A photographer had Casey pose on the centre court logo while pointing toward the 1978 banner hanging along the wall. Cowan, dressed casually in jeans and a navy blue polo shirt, wore an amused expression as he leaned back on a bench, watching his friend pose. On the same court as nearly four decades ago, it was easy to imagine the duo joking around at the end of a practice session.

Everything is blue.

Women are in blue jeans and blue dresses. Men are in blue polos, t-shirts and jerseys. The carpet of the VIP area is blue. Even the solo cups are blue. To see how serious basketball is in Lexington, one only has to scan the arena, lower level packed with fans for a back-to-back slate of charity games in August.

A crowd of fans dressed all in blue

As Casey walked into the gym, one of his greatest skills was on display. When he talks with someone, he speaks with them and only them, giving that person his undivided attention for the duration of their exchange.

"There's nobody like Dwane Casey," Combs said, his face lighting up at the opportunity to describe his friend. "With Dwane you're always going to get two things. You're going to get 100 percent every day. You're going to get a person that's going to be honest with you.

If he says he's going to do something, he'll do it. There's nothing better in life than that."
An illustration of a bus driving away An illustration of a basketball going through a basketball hoop
An illustration of a basketball going through a basketball hoop

Standing on the floor of Rupp, Casey smiled at the stairs leading up to the top of the arena, recalling how Coach Hall would make the players run them if they were late. Back at the Raptors' BioSteel practice facility in Toronto, this kind of punishment takes place in the form of suicide drills. Casey takes pride in being punctual. This doesn't mean that he hasn't ever slipped-up, though.

On a UK road trip road trip, Casey was late to the team bus. Despite his hand reaching for the bus door as the bus was pulling away, Hall had the driver keep the door shut and drive off to teach a lesson about responsibility. Rather than succumb to panic, Casey caught a ride with the team's beat writers, making sure he arrived at the arena before the team bus.

In the end, he was the first player on the court, getting shots up as the rest of the team entered the gym. Figuring out a solution, no matter the situation, remains as a staple in Casey's coaching playbook.

Raptors assistant and fellow Kentucky alum Jamaal Magloire provides a unique perspective. He was also in Lexington for the weekend, suiting up for Casey's team in the alumni game.



"I think he's responsible for [my coaching career]," Magloire said. "I put that in the humblest way. Coach Casey has been in this business a very long time and he's met a lot of people along the way and he could have picked anybody to work for him and he chose me. I never take that for granted."

"His mind is sharp. He never misses anything. The way he prepares for practice is the same way he prepares for a game. As a basketball player I never understood what went into it and now that I see it from the other angle I see how important that is and how much he's impacted my life."

The actual game, the main event of Calipari's weekend, played out like a typical All-Star game. Little defence, lots of offence, plenty of dunks to get the crowd "oohing" and "ahhing." After the final buzzer — where Casey's Team White collected a 115-109 victory — Casey joked that he didn't even know the final score.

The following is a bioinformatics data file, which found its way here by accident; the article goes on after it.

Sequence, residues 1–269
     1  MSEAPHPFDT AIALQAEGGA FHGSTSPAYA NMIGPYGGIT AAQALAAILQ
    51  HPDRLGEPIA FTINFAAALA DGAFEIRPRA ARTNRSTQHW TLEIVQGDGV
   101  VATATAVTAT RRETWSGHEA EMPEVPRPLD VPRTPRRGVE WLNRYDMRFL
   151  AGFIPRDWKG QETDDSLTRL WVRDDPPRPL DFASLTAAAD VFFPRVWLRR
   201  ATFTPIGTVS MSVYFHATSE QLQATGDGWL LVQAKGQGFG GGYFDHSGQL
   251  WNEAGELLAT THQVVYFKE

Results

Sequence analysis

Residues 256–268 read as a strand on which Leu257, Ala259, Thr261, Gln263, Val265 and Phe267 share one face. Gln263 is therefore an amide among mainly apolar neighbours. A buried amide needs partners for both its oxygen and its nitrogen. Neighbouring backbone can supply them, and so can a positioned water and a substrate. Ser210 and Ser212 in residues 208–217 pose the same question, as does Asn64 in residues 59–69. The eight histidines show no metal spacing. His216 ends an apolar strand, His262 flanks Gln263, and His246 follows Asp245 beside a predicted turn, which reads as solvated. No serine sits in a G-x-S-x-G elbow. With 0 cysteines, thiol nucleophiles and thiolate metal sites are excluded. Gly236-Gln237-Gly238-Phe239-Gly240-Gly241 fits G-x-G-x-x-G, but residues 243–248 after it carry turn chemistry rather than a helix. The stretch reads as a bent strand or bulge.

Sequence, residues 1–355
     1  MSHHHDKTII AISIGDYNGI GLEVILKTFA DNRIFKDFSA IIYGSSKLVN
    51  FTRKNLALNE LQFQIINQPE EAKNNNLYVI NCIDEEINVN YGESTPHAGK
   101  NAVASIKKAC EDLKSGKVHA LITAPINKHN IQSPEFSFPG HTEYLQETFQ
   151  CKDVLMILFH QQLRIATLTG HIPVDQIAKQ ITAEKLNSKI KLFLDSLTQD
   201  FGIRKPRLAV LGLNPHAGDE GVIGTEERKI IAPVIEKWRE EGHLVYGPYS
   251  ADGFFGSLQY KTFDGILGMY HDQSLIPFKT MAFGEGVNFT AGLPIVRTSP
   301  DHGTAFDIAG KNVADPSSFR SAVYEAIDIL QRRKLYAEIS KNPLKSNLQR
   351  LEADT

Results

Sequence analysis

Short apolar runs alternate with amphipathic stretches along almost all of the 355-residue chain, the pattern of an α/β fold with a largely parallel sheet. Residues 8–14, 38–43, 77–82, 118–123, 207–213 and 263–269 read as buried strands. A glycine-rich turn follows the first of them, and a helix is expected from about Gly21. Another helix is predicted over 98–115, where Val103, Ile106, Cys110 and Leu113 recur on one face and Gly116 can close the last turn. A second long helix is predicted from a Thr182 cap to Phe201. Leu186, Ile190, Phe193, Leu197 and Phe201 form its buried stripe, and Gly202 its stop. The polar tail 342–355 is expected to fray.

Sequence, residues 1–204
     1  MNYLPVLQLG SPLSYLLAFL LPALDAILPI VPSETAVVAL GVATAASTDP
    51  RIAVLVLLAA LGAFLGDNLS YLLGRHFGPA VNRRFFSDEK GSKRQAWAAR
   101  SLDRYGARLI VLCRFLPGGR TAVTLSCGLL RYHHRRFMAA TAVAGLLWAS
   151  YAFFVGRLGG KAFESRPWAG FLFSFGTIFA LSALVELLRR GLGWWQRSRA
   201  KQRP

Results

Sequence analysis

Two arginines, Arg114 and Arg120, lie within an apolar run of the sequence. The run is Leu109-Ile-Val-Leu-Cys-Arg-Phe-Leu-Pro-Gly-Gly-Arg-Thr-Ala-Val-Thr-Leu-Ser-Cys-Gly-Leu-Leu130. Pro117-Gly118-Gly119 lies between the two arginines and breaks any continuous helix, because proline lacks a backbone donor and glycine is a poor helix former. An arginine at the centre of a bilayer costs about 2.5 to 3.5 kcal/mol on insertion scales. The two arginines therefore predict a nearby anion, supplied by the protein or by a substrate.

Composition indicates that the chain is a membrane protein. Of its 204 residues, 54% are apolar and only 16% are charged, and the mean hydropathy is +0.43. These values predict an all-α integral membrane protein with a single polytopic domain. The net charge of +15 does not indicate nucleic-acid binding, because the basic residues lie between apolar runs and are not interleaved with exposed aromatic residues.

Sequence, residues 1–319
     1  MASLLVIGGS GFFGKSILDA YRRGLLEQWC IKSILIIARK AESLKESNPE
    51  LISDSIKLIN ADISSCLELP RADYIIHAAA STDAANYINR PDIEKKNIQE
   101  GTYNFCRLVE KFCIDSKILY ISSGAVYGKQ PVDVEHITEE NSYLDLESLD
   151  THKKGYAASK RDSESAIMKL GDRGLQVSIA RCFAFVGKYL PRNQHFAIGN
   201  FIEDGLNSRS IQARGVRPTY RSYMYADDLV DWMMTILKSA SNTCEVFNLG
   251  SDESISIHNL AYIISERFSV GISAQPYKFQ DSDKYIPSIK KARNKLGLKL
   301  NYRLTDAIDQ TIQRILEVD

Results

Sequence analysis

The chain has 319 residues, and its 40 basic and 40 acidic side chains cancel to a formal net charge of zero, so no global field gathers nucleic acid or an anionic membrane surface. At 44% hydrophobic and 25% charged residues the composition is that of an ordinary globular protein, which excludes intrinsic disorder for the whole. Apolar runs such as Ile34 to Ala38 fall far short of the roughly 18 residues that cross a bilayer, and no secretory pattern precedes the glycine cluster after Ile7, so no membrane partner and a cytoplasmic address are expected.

Despite the long day, Casey again gave his thanks to the fans wanting time with him, whether it was an autograph, a photograph, or a quick exchange.

"I think this passion that we have at Kentucky is the same thing we have in Toronto," Casey said. "I'm so proud because everybody that came up to me tonight is talking about the passion our crowd has, the passion the fans of the Raptors have built for basketball and that makes you feel proud. It's something I hope people don't take for granted because this is real basketball passion. It started a long time ago and people equating us with this is a compliment."

The long-earned and celebrated basketball history of the Wildcats reflects the history Casey is building in Toronto. Casey's journey has taken from from Kentucky to Japan, back to the United States, and on to an opportunity that saw him once again leave the country to continue growing the game he loves. Toronto has become one home for Casey just as Kentucky proved it will also always be another.

Raptors Game in Toronto
12:45 pm The Long-standing Legacy Rafferty's Restaurant
Dwane Casey coaching the Toronto Raptors
BACK AT RAFFERTY'S

Before the rest of Casey's weekend unfolded, the conversation shifted to his NBA career. Despite Casey rarely being the star of the stories that were shared that afternoon, it is his career that had everyone at the table reflecting on all that he has accomplished since his time at UK.

Near the end of the lunch, before everyone went their separate ways, Kevin Grevey made his way over to Casey to speak with him privately. Grevey, now a college scout with the Los Angeles Lakers, couldn't help but seek out Casey solo to express his happiness for his fellow UK alums success.

"I'm so happy for you, man," Grevey said. "It's unbelievable, your career. It says a lot about you, but you didn't need that to know you're a wonderful guy."

Though one might say his college playing career was modest in comparison to the levels of success he has since reached — among those accomplishments: leading the Raptors franchise to new heights — his work ethic, dedication, and leadership foretold their possibility.

When Cowan says with certainty that his childhood friend is still the same Dwane, it is because of this. These traits are the reason Hall encouraged Casey to get into coaching. They are why Combs calls him one of his all-time favourite Wildcats, and they're what made everyone eager to clear their schedules on a Friday afternoon to give back to the teammate and friend who gave so much of himself when he was suiting up in that Wildcats uniform.

- Holly MacKenzie, raptors.com